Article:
Monday, December 06, 2010
Rev. Johnny L. Jones - The Hurricane that Hit Atlanta
The Hurricane that Hit Atlanta
Rev. Johnny L. Jones of Atlanta is not nicknamed "Hurricane" for nothing. This passionate preacher summons the force of a mighty wind when he gets to singing, shouting, or delivering a message.
Thanks to Lance Ledbetter and his marvelous Dust-to-Digital enterprise, more than two and a half hours of selections from Rev. Jones’ 1,000+ hours of archived tape ministry are available to the public for the first time. The Hurricane that Hit Atlanta is two CDs packed with gospel singing, preaching, moaning, bluesy musicianship, lined-out “Doc Watts” hymns, local radio advertising, members slain by the spirit and congregational singing, the earliest track dating back to 1957.
While today's radio waves, gospel charts and mega-churches resonate with the sound of polished praise and worship, contemporary gospel, gospel hip hop and R&B-infused sacred music, many African American churches, especially smaller ones, shake the rafters like Jones’ Second Mount Olive Baptist Church in Atlanta, Georgia. Here you will hear simple, energetic renditions of traditional gospels and hymns accompanied by musicians who play with the furor of a garage blues band. The audio quality of the CDs is amazingly clear, given the low-fidelity source materials, though the project maintains its raw authenticity, like a Lomax field recording.
Jones shouts and hollers so hard I had to keep looking at the CD booklet to remind myself that he isn’t a Holiness preacher. During "My Lord is a Rock in a Weary Land," Jones all but acknowledges this by singing the famous couplet, "Some folks they call me noisy, I belong to a noisy crew/Well, we shout when we get happy, that's the way all Christians do." I did a double-take when the choir and congregation launched into the Church of God in Christ’s “Yes Lord” chant during “A Mother Loves Her Children All the Time.” Anyone who doubts that gospel music can and does cross denominational boundaries need only listen to the mesmerizing and hypnotic singing on the religious jam sessions “I Love the Lord” and “I Don’t Know What You Come to Do” to hear the sanctified influence on the Baptist beat.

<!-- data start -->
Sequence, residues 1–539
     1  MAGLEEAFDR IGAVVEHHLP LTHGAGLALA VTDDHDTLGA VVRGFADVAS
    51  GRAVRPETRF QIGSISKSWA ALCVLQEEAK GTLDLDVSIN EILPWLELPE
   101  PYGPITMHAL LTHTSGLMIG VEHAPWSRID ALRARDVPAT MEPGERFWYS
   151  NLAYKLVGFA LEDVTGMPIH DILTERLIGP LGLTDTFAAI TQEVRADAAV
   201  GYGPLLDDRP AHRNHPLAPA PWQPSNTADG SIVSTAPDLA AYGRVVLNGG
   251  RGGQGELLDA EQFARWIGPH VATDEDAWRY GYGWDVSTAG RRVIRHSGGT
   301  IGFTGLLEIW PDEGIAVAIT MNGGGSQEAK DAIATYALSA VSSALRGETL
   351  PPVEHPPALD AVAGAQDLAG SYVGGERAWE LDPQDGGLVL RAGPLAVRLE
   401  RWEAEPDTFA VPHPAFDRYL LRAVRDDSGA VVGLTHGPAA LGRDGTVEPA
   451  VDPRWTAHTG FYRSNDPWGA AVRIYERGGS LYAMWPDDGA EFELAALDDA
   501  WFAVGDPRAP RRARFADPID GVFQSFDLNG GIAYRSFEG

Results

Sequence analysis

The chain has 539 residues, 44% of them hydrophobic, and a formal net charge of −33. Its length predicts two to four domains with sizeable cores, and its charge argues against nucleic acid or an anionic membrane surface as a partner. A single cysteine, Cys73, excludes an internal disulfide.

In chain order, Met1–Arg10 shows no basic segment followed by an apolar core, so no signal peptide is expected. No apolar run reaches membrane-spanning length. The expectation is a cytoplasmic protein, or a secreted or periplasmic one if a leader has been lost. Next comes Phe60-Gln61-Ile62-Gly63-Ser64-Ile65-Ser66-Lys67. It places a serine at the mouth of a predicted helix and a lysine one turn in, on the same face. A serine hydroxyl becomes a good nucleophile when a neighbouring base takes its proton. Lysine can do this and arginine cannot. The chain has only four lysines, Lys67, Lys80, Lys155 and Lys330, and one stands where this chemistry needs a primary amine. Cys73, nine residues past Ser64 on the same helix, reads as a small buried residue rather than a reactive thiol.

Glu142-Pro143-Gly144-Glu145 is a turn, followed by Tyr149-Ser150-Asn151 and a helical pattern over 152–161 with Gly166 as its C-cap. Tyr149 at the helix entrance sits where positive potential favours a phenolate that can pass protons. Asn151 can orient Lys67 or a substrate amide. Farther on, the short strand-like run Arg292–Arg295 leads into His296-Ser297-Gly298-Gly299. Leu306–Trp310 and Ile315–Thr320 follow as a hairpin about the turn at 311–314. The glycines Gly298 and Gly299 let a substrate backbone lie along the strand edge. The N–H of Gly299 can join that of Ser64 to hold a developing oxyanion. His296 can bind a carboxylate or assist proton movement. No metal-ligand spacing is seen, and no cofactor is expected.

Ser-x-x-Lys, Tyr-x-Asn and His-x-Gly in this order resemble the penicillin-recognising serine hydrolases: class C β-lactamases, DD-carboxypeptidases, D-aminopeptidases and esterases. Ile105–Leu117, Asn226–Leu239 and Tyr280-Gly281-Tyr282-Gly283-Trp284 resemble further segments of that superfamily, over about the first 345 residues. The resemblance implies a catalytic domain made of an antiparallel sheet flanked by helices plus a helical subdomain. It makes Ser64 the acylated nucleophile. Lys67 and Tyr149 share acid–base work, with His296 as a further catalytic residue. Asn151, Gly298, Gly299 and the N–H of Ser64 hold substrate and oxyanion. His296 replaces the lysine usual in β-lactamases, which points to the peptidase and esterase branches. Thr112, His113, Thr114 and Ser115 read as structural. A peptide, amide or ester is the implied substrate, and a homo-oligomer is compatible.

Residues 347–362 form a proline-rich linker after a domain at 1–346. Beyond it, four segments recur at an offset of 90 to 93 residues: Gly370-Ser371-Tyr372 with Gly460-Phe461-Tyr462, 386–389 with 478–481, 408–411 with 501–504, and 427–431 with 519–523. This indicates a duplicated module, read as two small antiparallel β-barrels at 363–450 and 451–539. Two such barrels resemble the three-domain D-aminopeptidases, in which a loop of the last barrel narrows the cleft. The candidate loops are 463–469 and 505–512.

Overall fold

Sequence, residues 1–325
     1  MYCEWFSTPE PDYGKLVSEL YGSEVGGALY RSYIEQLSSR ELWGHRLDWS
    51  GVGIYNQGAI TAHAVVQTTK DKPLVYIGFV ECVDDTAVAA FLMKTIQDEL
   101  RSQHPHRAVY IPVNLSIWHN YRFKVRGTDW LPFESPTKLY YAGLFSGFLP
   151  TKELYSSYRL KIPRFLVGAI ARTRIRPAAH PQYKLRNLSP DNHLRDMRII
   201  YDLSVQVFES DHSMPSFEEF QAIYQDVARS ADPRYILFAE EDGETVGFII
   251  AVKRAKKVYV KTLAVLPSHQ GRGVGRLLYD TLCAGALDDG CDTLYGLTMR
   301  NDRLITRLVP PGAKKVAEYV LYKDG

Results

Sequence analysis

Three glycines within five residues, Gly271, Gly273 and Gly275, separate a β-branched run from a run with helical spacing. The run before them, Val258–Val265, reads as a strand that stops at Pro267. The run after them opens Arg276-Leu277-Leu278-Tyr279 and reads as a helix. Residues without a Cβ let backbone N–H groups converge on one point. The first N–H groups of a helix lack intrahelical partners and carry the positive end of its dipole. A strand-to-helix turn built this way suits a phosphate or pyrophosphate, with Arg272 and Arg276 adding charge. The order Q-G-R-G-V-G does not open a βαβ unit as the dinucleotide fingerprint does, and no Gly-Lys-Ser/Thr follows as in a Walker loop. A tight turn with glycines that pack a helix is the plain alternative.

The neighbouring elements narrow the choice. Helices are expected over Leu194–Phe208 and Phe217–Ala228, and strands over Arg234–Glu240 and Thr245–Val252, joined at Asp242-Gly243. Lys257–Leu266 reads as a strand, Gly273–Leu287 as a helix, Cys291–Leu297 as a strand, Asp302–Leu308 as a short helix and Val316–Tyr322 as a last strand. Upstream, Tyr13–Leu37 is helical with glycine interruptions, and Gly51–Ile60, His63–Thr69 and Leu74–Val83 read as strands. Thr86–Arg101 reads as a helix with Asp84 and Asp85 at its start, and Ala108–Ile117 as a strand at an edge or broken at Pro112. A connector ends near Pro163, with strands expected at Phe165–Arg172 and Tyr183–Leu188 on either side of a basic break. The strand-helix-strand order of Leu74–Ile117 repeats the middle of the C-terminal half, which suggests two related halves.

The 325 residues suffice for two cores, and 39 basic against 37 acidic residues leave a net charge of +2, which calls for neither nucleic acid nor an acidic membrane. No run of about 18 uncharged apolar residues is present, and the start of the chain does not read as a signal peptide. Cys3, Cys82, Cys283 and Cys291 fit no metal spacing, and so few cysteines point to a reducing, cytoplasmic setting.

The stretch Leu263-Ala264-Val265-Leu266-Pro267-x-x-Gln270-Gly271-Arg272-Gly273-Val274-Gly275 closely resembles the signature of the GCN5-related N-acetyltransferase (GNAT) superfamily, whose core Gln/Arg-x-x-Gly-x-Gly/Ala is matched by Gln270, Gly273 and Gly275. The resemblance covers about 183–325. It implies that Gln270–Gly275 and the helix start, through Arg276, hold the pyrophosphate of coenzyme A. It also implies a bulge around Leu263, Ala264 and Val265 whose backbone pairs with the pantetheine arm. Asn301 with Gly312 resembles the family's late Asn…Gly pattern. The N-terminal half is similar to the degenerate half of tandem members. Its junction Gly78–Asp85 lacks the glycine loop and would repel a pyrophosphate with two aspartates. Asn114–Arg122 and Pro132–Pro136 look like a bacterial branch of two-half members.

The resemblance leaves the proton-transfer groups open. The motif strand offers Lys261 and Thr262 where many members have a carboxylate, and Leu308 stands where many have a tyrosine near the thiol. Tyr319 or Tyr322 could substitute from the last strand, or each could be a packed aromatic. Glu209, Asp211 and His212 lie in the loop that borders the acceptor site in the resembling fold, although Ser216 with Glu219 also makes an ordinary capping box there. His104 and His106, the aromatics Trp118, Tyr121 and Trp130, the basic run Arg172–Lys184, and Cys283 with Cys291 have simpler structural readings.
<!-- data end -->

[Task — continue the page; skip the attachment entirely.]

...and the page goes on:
Jones is accompanied by a parade of male and female soloists and the church choir, which renders deliciously amateur but nonetheless enthusiastic interpretations of classics such as “God Specializes,” “I Promised the Lord that I Would Hold Out,” and "I Want Jesus to Walk with Me."
The CD booklet, which provides archival photos and biographical information on the pastor, does not indicate when each track was recorded but it doesn’t much matter. The whole package feels timeless.
Five of Five Stars
Picks: “I Love the Lord,” “Glad About It,” "God Specializes."